Food: Oh. My. Gosh.  Even the Beijing version of fast food (e.g. Yonghe Dawang, aka Yonghe King) was better than I've eaten at many "Chinese restaurants" in the US.  (For that matter, the stuff from the street cooks was better, too!)  We didn't make it a point to go to any highbrow restaurants--in fact, I never saw another Western face at any of the restaurants I patronized--but I ate at many different local restaurants and noodle houses.  The two highlights would have to be a "neighborhood Hunanese" restaurant near the Olympic Stadium and the "hotpot" restaurant in the Yousi Shopping Mall.  The Hunanese place was just plain awsome, even if my mouth was still a little warm the next morning; I liked "hotpot" style for the way it stimulates conversation over dinner as one waits for the food to cook.  (Pictures of both, and Yonghe King as well, in the Flickr sets.)  I also ate at one slightly upscale "traditional Beijing style" restaurant; the duck was fantastic.  Despite the cheap prices and massive portions, I actually lost weight while in Beijing, thanks to the heavy emphasis on meat and vegetables over complex carbohydrates.

Mass Transit: After the first 2-3 days, for which I used a driver, I realized that Beijing traffic is insane.  The lane markings on the streets are only suggestions, and any taxi ride was an exercise in aggressive driving.  It is, by far, the worst traffic I've expeirenced; NYC, LA, and DC can't hold a candle to Beijing at rush hour, and not even Seoul is quite as bad.  To the amazement of my Chinese colleagues, I rode the bus/subway for the remainder of my stay.  Both systems are amazingly efficient--I don't think I ever waited more than 5 minutes for a bus or train--and unbelievably crowded.  The Beijing subway system has its own counterparts to the Tokyo subway's oshiya; those yellow-jacketed 'transit guides' would simply push and shove as many people onto the train as humanly possible.  The buses were standing-room-only as well, even into the late hours of the evening.  I never got a seat on a bus, and only landed a seat on the subway a few times.  For those who have visited Beijing, my daily route was the 477 bus from Daguanying (across the street from the Doubletree) to the Changchunjie subway station, from which I took Line #2 to Xizhimen; from there, I changed to Line #13 for the ride to the Xi'erqi station, from which I could catch a shuttle bus to the Zhongguancun Software Park.  I traveled most of the subway lines in Beijing during my stay; the most crowded, by far, was Line #1, which cuts across the center of Beijing.  That line provided a sardine-can moment each time I used it, but at 2 yuan subway fare and 1 yuan bus fare, you can't beat mass transit.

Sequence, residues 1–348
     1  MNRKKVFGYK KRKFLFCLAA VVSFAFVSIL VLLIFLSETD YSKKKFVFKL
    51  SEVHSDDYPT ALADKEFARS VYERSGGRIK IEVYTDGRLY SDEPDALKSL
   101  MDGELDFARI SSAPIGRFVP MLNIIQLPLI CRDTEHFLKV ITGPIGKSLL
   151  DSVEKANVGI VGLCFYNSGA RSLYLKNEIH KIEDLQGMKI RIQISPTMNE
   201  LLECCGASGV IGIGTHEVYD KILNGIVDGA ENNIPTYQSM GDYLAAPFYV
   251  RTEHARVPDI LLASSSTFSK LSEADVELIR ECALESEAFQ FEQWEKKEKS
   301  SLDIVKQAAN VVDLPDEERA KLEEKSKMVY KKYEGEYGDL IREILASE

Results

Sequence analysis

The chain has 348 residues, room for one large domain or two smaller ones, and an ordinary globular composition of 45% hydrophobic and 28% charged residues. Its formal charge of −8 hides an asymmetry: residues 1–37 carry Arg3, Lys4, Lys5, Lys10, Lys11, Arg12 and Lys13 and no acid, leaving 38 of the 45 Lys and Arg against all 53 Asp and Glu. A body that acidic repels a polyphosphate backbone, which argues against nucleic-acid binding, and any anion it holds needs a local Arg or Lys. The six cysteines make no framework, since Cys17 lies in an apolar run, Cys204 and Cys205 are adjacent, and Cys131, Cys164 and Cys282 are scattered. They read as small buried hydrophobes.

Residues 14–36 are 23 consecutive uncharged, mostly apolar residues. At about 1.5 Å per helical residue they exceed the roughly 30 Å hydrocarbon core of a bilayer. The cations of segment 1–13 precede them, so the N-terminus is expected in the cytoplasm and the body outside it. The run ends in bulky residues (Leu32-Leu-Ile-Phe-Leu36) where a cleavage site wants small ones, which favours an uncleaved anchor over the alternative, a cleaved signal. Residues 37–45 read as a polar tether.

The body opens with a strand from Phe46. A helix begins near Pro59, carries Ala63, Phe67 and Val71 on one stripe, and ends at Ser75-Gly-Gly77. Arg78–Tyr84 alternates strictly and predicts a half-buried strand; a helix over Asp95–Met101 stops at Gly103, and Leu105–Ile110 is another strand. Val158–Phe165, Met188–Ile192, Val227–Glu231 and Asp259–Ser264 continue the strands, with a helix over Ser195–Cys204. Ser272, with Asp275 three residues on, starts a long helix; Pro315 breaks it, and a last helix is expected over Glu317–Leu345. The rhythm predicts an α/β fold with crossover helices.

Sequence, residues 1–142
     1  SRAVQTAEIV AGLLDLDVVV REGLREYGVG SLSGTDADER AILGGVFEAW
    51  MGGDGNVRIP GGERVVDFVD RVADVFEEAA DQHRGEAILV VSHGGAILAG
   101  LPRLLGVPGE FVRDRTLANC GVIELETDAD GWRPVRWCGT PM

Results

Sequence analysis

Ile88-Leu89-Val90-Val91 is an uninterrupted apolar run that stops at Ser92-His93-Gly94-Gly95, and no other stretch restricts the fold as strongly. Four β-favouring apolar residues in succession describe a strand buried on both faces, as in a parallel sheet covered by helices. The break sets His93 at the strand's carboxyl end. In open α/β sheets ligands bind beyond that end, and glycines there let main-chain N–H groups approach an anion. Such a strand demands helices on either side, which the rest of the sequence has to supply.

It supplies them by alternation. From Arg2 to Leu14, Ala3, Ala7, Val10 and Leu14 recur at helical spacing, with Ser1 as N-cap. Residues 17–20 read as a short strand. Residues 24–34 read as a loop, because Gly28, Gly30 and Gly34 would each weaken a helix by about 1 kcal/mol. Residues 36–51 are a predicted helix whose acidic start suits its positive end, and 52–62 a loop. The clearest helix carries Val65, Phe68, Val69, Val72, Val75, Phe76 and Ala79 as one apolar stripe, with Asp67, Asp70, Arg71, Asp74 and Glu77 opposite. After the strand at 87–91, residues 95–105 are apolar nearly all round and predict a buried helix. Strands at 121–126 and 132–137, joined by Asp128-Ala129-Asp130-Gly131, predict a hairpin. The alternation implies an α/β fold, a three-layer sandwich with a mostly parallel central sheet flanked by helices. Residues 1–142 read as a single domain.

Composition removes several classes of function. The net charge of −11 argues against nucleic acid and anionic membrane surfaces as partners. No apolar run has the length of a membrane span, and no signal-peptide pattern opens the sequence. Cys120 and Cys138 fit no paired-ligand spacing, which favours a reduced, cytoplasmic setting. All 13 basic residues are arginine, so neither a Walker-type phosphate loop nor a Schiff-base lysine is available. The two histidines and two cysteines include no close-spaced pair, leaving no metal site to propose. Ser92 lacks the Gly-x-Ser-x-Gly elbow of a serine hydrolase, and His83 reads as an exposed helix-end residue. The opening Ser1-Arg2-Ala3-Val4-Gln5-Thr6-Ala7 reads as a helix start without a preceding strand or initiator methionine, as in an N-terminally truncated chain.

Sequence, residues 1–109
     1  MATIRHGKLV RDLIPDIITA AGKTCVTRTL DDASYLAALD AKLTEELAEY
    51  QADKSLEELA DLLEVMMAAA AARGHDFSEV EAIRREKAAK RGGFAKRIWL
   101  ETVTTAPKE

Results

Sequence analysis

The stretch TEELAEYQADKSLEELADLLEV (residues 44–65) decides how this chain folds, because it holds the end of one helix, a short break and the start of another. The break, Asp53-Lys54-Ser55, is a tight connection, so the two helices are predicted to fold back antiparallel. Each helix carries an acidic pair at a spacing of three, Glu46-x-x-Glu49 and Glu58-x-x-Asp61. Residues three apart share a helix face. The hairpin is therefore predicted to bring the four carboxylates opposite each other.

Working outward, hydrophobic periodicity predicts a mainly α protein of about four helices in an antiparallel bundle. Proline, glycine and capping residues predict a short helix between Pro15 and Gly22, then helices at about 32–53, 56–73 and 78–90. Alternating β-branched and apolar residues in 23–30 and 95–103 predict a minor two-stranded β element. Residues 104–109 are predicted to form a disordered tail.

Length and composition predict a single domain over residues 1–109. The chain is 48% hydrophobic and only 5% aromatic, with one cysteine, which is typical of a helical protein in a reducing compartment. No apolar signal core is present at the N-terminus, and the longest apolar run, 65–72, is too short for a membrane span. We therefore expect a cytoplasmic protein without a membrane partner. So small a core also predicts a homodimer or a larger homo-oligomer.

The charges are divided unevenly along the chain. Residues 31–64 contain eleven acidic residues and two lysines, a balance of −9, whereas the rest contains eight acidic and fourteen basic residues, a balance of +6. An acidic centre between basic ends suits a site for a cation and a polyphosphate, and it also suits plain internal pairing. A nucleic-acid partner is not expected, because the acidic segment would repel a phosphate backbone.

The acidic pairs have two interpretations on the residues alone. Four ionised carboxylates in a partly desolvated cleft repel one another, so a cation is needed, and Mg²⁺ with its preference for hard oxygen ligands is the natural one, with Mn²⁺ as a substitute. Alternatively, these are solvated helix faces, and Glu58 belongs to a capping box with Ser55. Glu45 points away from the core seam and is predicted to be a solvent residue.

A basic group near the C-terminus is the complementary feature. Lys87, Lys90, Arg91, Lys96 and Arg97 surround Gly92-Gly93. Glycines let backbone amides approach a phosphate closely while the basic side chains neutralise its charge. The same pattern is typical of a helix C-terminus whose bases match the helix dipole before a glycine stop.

Tian'anmen/Forbidden City: This was an unusual day for me.  After coming up out of the subway (Changchunjie->Fuxingmen->change to Line #1->Tian'anmen East), I browsed a gift shop ("Come and get your Mao!  We got your big Mao, your little Mao, your Mao pins, your Mao busts...") and then simply stood outside while waiting for my colleague/guide to arrive.  Someone stopped and, via pantomime, indicated that they'd like to take my picture.  I smiled and nodded, and the man's wife posed with me.  After that, another group wanted a picture...and they just kept coming.   One woman handed me her infant son in order to take his picture with me.  By this time, I was a little unnerved, but Ping (my colleague) explained when he arrived.  Beijingers are used to seeing Westerners, but Tian'anmen draws tour groups from all parts of China; many of them may have never seen a Westerner.  He also explained about the baby picture; there's a Chinese tradition of taking pictures of one's son with the biggest, strongest man in one's village, in the hopes that your son will grow to that size and strength.  By the time we finished our visit to the Forbidden City, the "picture with the big foreigner" count had reached 29; I was giving serious consideration to charging a fee.  Anyway...the gates at the Forbidden City are beautiful, and the treasures in the museums are fascinating; my colleagues told me of being required to memorize several of the poems on display in the Calligraphy Museum, and the gold eating utensils of the Qing emporers were gorgeous, if somewhat ostentatious.  Even the Hall of Clocks was interesting thing about Tian'anmen Gate is that, while one can stand where the Politburo stands for National Day each year, the spot where the Chairman stands (i.e. where Mao stood) is fenced off and unavailable.  Of course, that center spot is also where the emporers stood to begin their reigns; it isn't surprising that Mao would usurp that symbolism in 1949, and it's equally unsurprising that random tourists aren't allowed to stand in that particular location.  Picked up a classic-style Mao pin, a souvenir book (of course), and a souvenir sheet of stamps celebrating one of Tian'anmen's anniversaries.

Final Comments:  I loved it - loved every bit of it, even with the language barrier.  As I told my management team, I'd go back in a heartbeat.

wesmorgan3's photosets on Flickr